GM 14-013

Second Circuit Allows Connecticut Town to Tax Slot Machines Leased to Tribal Casino

On January 21, 2014, the Mashantucket Pequot Tribe announced that it would not appeal an unfavorable ruling of the Second Circuit Court of Appeals to the U.S. Supreme Court. The Tribe’s decision leaves in place the Second Circuit’s decision in Mashantucket Pequot Tribe v. Town of Ledyard in which the court upheld the Town of Ledyard’s imposition of a personal property tax on slot machines leased to the Tribe’s casinos.

The State of Connecticut authorizes towns to impose a personal property tax on owners of property that is maintained for the purpose of generating revenue. Towns, however, cannot tax Indian-owned property on Indian lands. Both Atlantic City Coin & Slot Service Company and WMS Gaming lease slot machines to the Mashantucket Pequot Gaming Enterprise which operates the Foxwoods Resort Casino. For proprietary reasons, slot machine vendors routinely lease, but do not sell, their most popular games to casino operators.

Ledyard sought to impose its property tax on the slot machines leased to the Tribe’s Gaming Enterprise. The Tribe challenged the property tax. The district court ruled in favor of the Tribe, holding that the tax was barred by principles of federal preemption under the Indian Trader Statutes, the Indian Gaming Regulatory Act (IGRA), and the balancing test in White Mountain Apache Tribe v. Bracker, 448 U.S. 136 (1980).

Although the Second Circuit recognized that the tax has “measurable interference in the Tribe’s sovereignty on its reservation” it reversed the district court, holding that state and local interests outweighed federal and tribal interests. Using the Bracker balancing test, the court ruled that tribal and federal interests under the Indian Trader Statutes did not outweigh the state’s interests, especially since the incidence of the tax fell on non-Indians. The court also ruled that IGRA does not expressly preempt state jurisdiction. The court explained that “under IGRA, mere ownership of slot machines by the vendors does not qualify as gaming, and taxing such ownership therefore does not interfere with the ‘governance of gaming.'”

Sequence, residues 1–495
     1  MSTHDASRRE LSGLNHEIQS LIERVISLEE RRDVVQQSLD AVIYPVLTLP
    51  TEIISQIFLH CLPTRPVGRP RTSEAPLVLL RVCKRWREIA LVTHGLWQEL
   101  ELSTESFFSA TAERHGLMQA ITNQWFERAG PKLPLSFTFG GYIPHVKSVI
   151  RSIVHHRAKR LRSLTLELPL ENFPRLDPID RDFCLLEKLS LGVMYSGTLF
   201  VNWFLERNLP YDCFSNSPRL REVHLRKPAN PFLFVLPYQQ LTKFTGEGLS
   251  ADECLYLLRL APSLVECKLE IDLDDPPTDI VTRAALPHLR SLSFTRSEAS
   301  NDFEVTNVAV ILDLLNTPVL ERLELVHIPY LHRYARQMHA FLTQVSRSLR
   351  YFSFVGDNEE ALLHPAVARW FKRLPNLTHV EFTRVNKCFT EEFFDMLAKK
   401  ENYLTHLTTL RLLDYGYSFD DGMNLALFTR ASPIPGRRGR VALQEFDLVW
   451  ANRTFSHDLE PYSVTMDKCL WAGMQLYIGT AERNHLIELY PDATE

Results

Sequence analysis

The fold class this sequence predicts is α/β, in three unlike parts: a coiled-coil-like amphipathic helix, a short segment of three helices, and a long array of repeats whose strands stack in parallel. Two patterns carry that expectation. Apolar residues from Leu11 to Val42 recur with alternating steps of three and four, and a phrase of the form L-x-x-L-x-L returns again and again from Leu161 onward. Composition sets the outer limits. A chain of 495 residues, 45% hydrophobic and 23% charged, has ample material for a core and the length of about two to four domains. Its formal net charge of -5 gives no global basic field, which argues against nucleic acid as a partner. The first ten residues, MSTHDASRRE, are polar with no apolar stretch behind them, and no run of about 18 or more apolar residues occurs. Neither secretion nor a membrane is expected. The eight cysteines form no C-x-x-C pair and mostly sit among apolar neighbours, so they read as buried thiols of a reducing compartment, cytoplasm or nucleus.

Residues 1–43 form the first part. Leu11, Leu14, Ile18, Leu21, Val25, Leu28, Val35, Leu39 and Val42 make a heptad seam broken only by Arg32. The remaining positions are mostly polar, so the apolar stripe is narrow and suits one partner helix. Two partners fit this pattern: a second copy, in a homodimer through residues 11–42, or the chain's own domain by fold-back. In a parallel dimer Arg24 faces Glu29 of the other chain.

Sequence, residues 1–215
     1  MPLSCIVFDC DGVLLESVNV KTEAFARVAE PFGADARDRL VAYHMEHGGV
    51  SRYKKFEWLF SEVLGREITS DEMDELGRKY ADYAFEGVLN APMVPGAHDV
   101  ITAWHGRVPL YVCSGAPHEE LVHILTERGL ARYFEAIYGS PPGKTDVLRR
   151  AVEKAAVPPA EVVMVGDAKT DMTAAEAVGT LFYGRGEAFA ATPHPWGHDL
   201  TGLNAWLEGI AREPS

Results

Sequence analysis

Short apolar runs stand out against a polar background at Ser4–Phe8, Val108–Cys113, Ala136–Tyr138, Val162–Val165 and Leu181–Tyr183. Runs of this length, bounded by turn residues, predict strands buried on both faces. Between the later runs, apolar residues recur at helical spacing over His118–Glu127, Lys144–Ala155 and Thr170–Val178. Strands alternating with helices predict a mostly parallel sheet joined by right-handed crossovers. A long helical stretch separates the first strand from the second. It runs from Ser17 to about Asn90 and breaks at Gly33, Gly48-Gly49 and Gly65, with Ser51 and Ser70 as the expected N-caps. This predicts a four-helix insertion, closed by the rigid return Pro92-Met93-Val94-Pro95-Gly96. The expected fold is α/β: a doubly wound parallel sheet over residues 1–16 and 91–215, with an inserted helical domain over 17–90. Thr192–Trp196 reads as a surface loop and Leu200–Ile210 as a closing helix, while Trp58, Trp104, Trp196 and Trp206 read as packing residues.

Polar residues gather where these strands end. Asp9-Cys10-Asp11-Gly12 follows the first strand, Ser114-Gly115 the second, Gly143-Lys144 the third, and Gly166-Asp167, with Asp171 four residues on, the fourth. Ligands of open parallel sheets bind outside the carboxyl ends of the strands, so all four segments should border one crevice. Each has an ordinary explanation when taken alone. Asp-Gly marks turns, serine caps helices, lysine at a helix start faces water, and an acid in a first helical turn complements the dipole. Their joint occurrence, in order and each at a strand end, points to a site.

Finally, the court held that federal law and sovereignty principles did not bar the tax. The court concluded that the Town’s and State’s interests outweighed the Tribe’s and federal government’s interests. The court acknowledged that “this is arguably a close case.” The court found that the tax had a “less than minimal” effect on the Tribe’s economic development, and a “moderate effect on tribal sovereignty.” The court also found the federal interests in limiting crime would not be harmed by the tax. Conversely, the court found that the Town not only had a stronger economic interest, but its road, transportation, and educational services were connected to the tax. The court also said that the Town had an interest in avoiding litigation that could tie up its financial resources. And the court found that the Town had an interest in avoiding complications based on how property owned by non-Indians on the Tribe’s reservation was used because the “additional level of analysis would further frustrate the Town’s revenue collection and would render the State’s tax more difficult and expensive to administer.” Finally, the court found that the State had an interest in the uniform application of its generally-applicable tax and noted that in this situation “there is room for both State and Tribal taxation of the same activity.”

Now that the Second Circuit’s ruling in the Ledyard case is final, the outcome may encourage other courts to conduct the balancing test utilizing seemingly arbitrary factors such as litigation risk and the avoidance of complicated inquiries for the benefit of the non-tribal party in order to outweigh tribal sovereign interests in future tax cases. The result in this case highlights the need for tribes to closely scrutinize the potential exposure of current and future tribal economic development activities to state and local taxation schemes.

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